Thursday, October 2, 2008

The Whole Elephant

October 2008
Quote of the Month

We are disturbed not by what happens to us,
but by our thoughts about what happens.

- Epictetus

The last of the human freedoms is
to choose one's attitude
in any given set of circumstances.
- Victor Frankl

The Epcot Ball, aka Spaceship Earth, looks a little bit different from underneath than the typical postcard shot we are used to seeing, doesn't it? So why did I take this particular view? And why did I ask you to look at it in the above question of the month?

In August, we talked about becoming aware of the I-pod/CD/tape that constantly plays in our heads. In September, we talked about becoming aware of the content on the I-pod and the judgments we make about the content. This month, I want to take this idea one step further and suggest that the way you experience your world and your life is really all in how you look at things. It is in your perspective. To take that a step further, if you are not happy with an aspect of your life, you are capable of changing that perspective. The difference from last month is somewhat subtle…but what I wanted to stress last month is to become aware of the judgments we make…and this month to become aware that you have the ability to change those judgments, if you so choose.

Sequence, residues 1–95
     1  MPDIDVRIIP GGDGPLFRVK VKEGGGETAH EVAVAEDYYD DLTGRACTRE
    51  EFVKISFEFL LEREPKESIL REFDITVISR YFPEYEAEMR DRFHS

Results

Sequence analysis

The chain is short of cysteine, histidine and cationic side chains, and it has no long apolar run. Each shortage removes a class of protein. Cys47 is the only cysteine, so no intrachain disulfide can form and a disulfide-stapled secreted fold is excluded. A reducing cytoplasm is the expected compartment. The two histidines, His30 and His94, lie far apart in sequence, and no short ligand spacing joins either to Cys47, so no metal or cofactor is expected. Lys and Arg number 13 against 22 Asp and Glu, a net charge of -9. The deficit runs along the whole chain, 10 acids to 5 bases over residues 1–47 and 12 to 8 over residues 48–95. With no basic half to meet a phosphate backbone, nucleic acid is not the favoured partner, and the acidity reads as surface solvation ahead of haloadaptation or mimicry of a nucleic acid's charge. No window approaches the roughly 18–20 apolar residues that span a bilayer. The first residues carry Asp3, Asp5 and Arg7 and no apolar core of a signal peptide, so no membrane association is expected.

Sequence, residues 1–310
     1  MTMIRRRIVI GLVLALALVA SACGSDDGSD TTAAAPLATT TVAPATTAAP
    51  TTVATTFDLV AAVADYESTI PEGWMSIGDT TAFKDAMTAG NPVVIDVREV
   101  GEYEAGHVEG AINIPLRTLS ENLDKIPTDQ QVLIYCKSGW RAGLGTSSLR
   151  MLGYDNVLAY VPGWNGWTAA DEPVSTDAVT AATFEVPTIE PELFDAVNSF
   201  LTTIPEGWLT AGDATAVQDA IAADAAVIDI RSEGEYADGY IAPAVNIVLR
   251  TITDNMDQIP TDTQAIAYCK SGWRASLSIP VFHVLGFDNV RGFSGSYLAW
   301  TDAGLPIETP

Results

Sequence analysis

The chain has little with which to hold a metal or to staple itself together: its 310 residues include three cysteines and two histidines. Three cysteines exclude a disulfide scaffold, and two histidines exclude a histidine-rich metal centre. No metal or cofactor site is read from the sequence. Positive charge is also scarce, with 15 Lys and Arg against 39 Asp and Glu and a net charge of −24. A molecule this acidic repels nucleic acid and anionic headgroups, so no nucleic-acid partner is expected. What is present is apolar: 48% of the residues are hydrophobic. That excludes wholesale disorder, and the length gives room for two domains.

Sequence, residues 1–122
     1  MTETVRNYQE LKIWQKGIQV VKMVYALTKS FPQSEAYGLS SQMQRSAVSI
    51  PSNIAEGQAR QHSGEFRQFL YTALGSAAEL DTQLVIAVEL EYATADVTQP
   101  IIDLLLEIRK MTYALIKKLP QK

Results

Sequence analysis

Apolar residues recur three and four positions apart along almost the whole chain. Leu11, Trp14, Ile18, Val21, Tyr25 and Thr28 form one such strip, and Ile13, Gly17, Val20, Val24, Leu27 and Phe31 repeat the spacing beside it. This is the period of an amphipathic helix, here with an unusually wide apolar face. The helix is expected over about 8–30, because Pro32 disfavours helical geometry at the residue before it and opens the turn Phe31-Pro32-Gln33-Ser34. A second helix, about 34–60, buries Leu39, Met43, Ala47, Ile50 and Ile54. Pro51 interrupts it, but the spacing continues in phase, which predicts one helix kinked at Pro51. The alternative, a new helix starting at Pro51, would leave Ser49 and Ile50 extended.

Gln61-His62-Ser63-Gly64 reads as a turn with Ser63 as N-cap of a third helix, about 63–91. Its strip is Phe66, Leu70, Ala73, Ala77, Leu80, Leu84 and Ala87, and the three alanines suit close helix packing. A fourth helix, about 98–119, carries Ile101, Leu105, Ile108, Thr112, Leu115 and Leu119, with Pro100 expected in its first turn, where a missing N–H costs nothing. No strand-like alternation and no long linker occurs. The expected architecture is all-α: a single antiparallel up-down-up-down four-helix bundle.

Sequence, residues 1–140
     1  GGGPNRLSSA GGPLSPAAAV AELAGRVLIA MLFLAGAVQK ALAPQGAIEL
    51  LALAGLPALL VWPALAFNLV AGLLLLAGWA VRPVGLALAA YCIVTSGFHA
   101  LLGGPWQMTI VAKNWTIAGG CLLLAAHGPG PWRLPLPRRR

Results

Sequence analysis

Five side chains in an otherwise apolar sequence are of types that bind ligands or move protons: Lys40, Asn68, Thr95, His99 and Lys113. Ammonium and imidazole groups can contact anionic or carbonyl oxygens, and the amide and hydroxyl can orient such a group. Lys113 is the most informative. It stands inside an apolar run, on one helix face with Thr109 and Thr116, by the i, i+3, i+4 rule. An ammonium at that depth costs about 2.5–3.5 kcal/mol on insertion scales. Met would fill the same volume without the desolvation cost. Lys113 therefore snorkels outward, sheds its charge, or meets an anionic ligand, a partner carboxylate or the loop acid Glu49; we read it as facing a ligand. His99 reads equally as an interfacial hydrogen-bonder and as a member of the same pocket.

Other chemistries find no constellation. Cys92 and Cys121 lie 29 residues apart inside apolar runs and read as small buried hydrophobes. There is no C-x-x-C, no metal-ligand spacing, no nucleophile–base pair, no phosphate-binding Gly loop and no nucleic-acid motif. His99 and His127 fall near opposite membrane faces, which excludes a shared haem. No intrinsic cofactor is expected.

I am, of course, not talking about lying or being dishonest with yourself. But there typically is more than one accurate way to look at things. To illustrate this…consider a story many of us have probably heard before. That of The Blind Men and the Elephant. 

The story goes, that several blind men were describing an elephant based on the part of the elephant they were able to touch. The one standing by the tail described the elephant as rope. The one by the trunk had a very different perspective and described it as a branch….the ear felt like a fan, the body like a wall…and so on…. 

Each was limited in their perception by the part of the elephant they could touch. In addition, each of them felt they were right. They began to fight and defend their perspective until a wise man passed by. He pointed out that each of them was “right” in their description, but limited. They learned that other perspectives could be just as “right” as their own. Only by being willing to listen to the other points of view and sharing their own view, could they all grasp the totality of the elephant.